Knowing that being in a relationship wouldn’t actually make me happier helps, because in all honesty if being in a relationship was important to me I would have found a way by now. I’ve literally never dated so it obviously was never a priority or I would have found some way, any way to make dates happen. If I can justify dunking cookies in coffee-milk in public and still loudly claim to be an adult to my supervisor’s face during such activity, I’m fully capable asking somebody out to an awkward party of two in public, but that second one isn’t going to happen. I’m pretty convinced that attempting any sort of non-platonic relationship would just be a miserable experience for me and be disappointing to my potential partner.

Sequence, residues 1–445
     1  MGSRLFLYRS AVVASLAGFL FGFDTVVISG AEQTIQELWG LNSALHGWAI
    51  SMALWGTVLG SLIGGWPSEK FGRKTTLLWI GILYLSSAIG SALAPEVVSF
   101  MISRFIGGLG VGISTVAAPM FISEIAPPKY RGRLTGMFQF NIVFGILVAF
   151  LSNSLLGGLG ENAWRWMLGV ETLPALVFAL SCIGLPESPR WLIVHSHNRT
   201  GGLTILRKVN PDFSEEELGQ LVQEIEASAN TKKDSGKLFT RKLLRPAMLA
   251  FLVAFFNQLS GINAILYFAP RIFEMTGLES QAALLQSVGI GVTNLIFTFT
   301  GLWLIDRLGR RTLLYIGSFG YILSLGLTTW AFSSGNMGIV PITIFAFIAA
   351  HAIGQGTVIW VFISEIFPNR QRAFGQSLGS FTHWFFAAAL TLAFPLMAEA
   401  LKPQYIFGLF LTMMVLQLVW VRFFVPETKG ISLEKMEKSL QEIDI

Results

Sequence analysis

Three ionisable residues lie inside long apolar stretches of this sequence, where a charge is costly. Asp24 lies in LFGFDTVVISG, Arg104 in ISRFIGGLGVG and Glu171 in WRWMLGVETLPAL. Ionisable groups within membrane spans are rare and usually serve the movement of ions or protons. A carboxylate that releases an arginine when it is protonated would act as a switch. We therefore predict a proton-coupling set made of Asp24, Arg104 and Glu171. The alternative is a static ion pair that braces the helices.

That last bit only sounds depressing because relationships are considered the gold standard of normal. Dunking sugar cookies in coffee-flavored milk might not be “normal”, but it’s seriously the best thing to ever happen to me. So, if both the aro and ace communities could not only celebrate relationships in all their many forms, but shine a little light on how great and normal it is to not be in a relationship too, that would be pretty awesome too. There’s a long healthy single life for this aro-ace after 30 and I’m definitely looking forward to it.

Soooo, can we make Single’s Awareness Day an actual thing where we celebrate how healthy and normal it is to be single instead of just a thing people say on Valentine’s day when they don’t have a date? Please? Pretty please? It could be on Feb 15th that way we can chow down on all the left over chocolates.